Cli­mate Cri­sis

Nepal’s rapidly chang­ing cli­mate is af­fect­ing the agri­cul­tural sec­tor and the well-be­ing of its peo­ple. Can the govern­ment take the nec­es­sary steps to fight this phe­nom­e­non be­fore it is too late?

Southasia - - ENVIRONMENT WEATHER - By Haseeb Ah­san

Lo­cated in the Hi­malayan moun­tain range with In­dia sit­u­ated in its south, east, and west, and the Repub­lic of China in its north, the Fed­eral Demo­cratic Repub­lic of Nepal has a rich ge­og­ra­phy, fea­tur­ing the world’s eight tallest moun­tain ranges.

Nepal is sit­u­ated in one of the most cli­mate-sen­si­tive re­gions of the world. Its eco-sys­tem is frag­ile and is mostly de­pen­dent on rain-fed agri­cul­ture. Sim­i­larly, the un­cer­tain topol­ogy makes the coun­try more prone to flood­ing. The dilemma is that even if Nepal’s con­tri­bu­tion of gas emis­sions (CO2 emis­sion) is neg­li­gi­ble, th­ese dras­tic cli­matic changes make it one of the most badly af­fected coun­tries in the world.

Cli­mate changes in­creased the oc­cur­rence of flash­floods in the coun­try, which mainly oc­cur due to in­tense rain­fall and rapid snowmelt. Fur­ther­more, Nepal’s tem­per­a­ture on aver­age is in­creas­ing by 0.6 de­grees per decade, which fur­ther raises con­cerns of the in­creased fre­quency of flash­floods. Glacier lakes out­bursts also cause wa­ter erup­tion from the trapped marines re­sult­ing in sub­se­quent flood­ing that badly af­fects the lower ly­ing ar­eas.

It is ironic that Nepal ex­pe­ri­ences wa­ter scarcity even with wa­ter streams and lakes run­ning across the coun­try. An in­ap­pro­pri­ate ir­ri­ga­tion and wa­ter stor­age sys­tem is the main cause be­hind this predica­ment. Most of Nepal’s poor com­mu­ni­ties re­side near the Ganges basin ar­eas. Al­though there is abun­dant wa­ter avail­able in the coun­try the ir­reg­u­lar dis­tri­bu­tion de­creases wa­ter dis­charge from the rivers and causes wa­ter scarcity. There are nearly 6,000 rivers in Nepal but only 72% of the pop­u­la­tion has ac­cess to safe drink­ing wa­ter and only 24% of the to­tal land is ir­ri­gated through proper

ir­ri­ga­tion mech­a­nisms. Life ex­pectancy of 63 years is one of the low­est in Nepal. One of the rea­sons is the im­proper san­i­ta­tion sys­tem which is avail­able to only 27% of the pop­u­la­tion. Sim­i­larly, 75% of preg­nant women are ane­mic and 50,000 chil­dren die ev­ery year due to cur­able dis­eases, where con­tam­i­nated wa­ter is the cause of such ail­ments.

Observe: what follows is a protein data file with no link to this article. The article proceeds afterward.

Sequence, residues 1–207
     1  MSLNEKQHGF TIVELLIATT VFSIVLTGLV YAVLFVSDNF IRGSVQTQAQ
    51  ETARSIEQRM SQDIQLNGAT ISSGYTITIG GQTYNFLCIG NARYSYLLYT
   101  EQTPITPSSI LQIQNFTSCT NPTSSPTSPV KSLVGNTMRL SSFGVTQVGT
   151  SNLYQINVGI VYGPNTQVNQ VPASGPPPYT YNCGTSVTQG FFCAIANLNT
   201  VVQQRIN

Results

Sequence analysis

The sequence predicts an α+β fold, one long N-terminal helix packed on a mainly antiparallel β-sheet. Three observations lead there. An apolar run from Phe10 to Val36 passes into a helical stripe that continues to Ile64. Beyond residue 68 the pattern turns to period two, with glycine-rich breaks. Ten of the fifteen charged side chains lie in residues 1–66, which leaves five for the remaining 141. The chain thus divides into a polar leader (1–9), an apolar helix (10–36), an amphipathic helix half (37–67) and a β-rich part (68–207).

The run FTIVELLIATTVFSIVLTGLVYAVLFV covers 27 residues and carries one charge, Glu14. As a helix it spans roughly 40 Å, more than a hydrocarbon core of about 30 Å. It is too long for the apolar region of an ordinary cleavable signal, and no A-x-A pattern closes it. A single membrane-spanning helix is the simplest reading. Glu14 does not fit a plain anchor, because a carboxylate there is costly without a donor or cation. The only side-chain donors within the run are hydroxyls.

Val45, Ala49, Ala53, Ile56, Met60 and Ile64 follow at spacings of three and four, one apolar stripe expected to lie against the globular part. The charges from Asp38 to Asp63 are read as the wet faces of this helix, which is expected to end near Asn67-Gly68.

Nepal is among the least de­vel­oped coun­tries across the globe and hence suf­fers from food se­cu­rity. The coun­try’s pop­u­la­tion is de­pen­dent on agri­cul­ture for their liv­ing. Nepal’s agri­cul­ture sec­tor, which is de­pen­dent on weather pat­terns and with no proper ir­ri­ga­tion sys­tem plus poor wa­ter stor­age mech­a­nism, is ad­versely af­fected due to th­ese cli­matic changes, which in turn af­fects food avail­abil­ity in the coun­try.

More than 30% of Nepal’s pop­u­la­tion lives be­low the poverty line. The un­em­ploy­ment rate is 46%, one of the high­est in com­par­i­son with other na­tions (190th out of 200). The lit­er­acy rate is be­low 60% and the job mar­ket heav­ily lacks a skilled force. Un­der th­ese cir­cum­stances only 13% of the agri­cul­tural pro­duc­tion reaches the mar­ket while the rest is con­sumed by the grow­ers them­selves, which lim­its the flow of the ecosys­tem. Sim­i­larly, Nepal’s reach is also limited to In­dia which is why it is heav­ily de­pen­dent on food im­ports from the coun­try.

The above men­tioned chal­lenges can only be im­proved if the Nepalese govern­ment is will­ing to im­ple­ment ef­fec­tive poli­cies, fol­lows best prac­tices, and takes cor­rec­tive ac­tions at the ear­li­est. The decade long armed con­flict also di­verted Nepal’s at­ten­tion from core is­sues when cli­mate prob­lems were of ma­jor sig­nif­i­cance.

Nepal’s crit­i­cal need is the de­vel­op­ment of its ba­sic in­fra­struc­ture for en­ergy, food and wa­ter se­cu­rity. Sim­i­larly, the govern­ment and NGOs should work in the coun­try’s iso­lated com­mu­ni­ties and mo­ti­vate and guide the pop­u­la­tion to ac­cess global mar­kets. In ad­di­tion, re­search and de­vel­op­ment is also im­por­tant to de­vice meth­ods and grow crops which are re­silient to cli­matic change.

Nepal will march to­wards progress when its lead­ers and de­ci­sion mak­ers will think be­yond their per­sonal gains and re­duce the in­flu­ence

The coun­try’s pop­u­la­tion is de­pen­dent on agri­cul­ture for their liv­ing. Nepal’s agri­cul­ture sec­tor, which is de­pen­dent on weather pat­terns and with no proper ir­ri­ga­tion sys­tem plus poor wa­ter stor­age mech­a­nism, is ad­versely af­fected due to th­ese cli­matic changes, which in turn af­fects food avail­abil­ity in the coun­try.

of a bu­reau­cratic cul­ture. The fu­ture of Nepal will brighten only when its lead­ers will be will­ing to bring change.

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